Calcispongiae (all living on the ocean floor) are distinguished from the other Spongiae by depositing needles of carbonic lime in their tissue. The simplest forms of this class are small vesicles (Olynthus) similar to a Gastraea; usually they build small colonies or Korma that are composed of numerous such vesicle-shaped personae.
Outer form and inner structure of the Calcispongiae is often most delicate; most often the size amounts to a few millimeter only, at most several centimeter. The species, presented on this table slightly enlarged, belong to two different orders, Ascona and Sycona. Ascona (tubular Calcispongiae, fig. 1-3) are thin-walled tubes with porous walls, supported by three- or four-jetted (rarely simple) lime needles.
At times Ascona live isolated, as single persona (Olynthus, similar fig. 10); at times they form delicate colonies or Korma, in shrub-like compositions of many personae (fig. 1-3).
Sycones (strobulous or cone-shaped Calcispongiae, fig. 4-13) are thick-walled bodies, composed of many Ascona-personae that are arranged regularly around the central pit of the stomach of the mother animal, similar to the flower buds around a fir cone (fig. 8,13).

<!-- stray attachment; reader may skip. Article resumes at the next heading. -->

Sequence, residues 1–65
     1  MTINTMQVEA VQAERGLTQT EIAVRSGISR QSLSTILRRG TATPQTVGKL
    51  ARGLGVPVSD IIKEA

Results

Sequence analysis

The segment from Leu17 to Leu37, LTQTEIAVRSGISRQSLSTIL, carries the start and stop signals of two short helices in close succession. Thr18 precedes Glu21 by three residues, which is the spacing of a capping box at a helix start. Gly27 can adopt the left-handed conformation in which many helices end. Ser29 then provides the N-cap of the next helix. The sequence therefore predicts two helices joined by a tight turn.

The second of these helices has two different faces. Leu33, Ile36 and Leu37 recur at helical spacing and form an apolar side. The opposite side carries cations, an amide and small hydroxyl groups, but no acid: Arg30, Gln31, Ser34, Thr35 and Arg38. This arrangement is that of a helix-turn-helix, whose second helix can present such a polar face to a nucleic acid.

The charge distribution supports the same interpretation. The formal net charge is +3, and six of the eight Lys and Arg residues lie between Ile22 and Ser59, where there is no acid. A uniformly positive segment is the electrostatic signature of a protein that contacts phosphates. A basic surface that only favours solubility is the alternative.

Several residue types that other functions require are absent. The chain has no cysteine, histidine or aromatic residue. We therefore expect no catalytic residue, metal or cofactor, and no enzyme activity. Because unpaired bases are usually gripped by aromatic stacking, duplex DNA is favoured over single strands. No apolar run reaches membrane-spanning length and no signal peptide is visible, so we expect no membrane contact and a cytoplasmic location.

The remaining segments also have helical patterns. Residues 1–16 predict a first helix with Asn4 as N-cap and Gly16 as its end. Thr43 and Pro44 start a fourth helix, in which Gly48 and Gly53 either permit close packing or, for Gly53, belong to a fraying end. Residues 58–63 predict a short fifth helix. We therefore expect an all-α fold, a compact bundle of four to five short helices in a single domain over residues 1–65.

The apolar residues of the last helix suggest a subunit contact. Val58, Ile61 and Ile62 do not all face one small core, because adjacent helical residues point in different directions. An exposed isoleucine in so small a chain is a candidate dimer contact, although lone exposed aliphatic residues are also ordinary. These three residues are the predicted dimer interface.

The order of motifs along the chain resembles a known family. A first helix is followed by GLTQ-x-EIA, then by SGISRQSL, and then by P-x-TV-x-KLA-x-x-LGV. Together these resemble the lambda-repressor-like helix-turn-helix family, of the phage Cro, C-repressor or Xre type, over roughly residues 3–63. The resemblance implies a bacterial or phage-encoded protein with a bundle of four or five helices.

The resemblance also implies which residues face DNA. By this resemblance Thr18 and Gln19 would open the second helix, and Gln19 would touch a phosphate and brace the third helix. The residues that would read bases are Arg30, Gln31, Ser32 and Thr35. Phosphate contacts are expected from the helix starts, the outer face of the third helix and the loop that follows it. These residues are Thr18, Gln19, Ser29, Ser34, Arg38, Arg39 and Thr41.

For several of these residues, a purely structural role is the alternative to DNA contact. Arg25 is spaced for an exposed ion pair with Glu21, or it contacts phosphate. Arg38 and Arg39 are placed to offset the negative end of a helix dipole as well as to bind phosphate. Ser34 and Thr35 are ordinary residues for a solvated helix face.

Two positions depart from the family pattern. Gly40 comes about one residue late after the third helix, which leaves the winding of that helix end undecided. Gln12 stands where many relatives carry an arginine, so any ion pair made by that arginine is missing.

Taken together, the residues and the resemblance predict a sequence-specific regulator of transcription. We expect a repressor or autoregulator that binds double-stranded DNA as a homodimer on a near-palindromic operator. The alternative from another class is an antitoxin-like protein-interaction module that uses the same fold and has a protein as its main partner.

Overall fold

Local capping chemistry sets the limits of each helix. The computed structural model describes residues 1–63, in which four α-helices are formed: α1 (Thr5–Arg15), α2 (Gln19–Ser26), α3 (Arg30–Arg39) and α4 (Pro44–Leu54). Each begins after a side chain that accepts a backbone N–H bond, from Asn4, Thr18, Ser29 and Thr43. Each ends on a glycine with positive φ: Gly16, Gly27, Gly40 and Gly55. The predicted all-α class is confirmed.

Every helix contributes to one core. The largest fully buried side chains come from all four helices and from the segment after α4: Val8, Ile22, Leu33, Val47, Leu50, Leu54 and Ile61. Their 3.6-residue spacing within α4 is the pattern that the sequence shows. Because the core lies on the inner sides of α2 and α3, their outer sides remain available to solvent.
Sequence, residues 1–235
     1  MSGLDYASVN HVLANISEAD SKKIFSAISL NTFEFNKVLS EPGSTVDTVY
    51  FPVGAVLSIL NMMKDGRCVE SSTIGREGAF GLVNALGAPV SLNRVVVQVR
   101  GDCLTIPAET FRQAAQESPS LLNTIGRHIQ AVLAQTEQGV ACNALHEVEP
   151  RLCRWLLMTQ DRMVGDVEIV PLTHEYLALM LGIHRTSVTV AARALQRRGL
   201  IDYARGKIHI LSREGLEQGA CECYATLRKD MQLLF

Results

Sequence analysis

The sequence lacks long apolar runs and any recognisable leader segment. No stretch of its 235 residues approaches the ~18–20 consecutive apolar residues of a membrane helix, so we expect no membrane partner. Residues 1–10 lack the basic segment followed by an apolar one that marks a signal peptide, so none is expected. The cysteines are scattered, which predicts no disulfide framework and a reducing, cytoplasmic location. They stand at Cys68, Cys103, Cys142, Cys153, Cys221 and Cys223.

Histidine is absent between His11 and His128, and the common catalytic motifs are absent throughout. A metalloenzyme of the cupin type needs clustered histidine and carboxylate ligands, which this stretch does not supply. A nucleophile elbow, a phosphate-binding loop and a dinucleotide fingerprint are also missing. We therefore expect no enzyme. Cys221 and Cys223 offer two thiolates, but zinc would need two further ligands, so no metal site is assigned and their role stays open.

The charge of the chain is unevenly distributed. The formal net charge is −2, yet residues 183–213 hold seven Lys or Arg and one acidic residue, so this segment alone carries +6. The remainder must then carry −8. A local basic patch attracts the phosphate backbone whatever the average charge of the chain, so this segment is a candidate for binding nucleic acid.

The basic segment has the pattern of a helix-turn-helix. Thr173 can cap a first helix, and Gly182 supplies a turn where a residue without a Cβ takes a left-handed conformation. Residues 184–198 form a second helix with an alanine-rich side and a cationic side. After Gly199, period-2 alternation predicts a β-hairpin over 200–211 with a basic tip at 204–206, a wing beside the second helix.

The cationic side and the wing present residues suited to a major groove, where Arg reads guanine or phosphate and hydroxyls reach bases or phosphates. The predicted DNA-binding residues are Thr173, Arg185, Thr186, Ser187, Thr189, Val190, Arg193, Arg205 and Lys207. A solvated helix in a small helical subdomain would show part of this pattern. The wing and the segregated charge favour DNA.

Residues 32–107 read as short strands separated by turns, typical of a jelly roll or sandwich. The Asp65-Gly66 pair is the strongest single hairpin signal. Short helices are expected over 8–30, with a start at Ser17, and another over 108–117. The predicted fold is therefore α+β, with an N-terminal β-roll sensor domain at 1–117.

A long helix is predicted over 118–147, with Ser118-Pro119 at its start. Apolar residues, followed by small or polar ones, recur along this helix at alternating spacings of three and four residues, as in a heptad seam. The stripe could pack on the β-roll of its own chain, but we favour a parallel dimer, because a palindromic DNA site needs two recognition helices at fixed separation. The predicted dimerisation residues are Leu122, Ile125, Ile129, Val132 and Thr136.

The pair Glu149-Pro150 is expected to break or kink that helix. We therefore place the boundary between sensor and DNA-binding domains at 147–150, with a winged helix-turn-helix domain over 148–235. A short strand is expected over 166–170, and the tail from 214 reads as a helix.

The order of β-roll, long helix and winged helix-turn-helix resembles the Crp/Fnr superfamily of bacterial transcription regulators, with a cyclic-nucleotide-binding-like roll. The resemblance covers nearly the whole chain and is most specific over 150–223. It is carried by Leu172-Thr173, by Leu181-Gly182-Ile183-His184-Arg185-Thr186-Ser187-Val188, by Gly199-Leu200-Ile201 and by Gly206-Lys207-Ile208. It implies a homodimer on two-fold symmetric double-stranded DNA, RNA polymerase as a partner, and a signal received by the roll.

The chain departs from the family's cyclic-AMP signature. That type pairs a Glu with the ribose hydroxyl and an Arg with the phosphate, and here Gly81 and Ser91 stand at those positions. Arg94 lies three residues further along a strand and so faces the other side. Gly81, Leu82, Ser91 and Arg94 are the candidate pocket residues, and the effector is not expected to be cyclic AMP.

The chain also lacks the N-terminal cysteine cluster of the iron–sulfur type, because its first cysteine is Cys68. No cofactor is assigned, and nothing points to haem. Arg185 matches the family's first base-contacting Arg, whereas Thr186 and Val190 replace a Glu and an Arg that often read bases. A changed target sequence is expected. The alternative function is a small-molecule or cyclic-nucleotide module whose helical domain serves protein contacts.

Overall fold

In all Calcispongiae seawater enters with the food through fine pores in the surface (fig. 10), and passes out through a bigger outlet (Osculum).
Translation of the original German introduction by Ernst Haeckel:
Phylum of Spongiae; - subclass of Calcispongiae.
Translation by VR Translators Bangalore
This is one of the 100 pop science biology illustrations that were published from 1899 – 1904 in Leipzig by Ernst Haeckel through Verlag des Bibliographischen Instituts.
We've scanned the original lithography at 1200dpi on the Epson A3 scanner of A3 scanner huren. You can download a 400dpi JPEG here.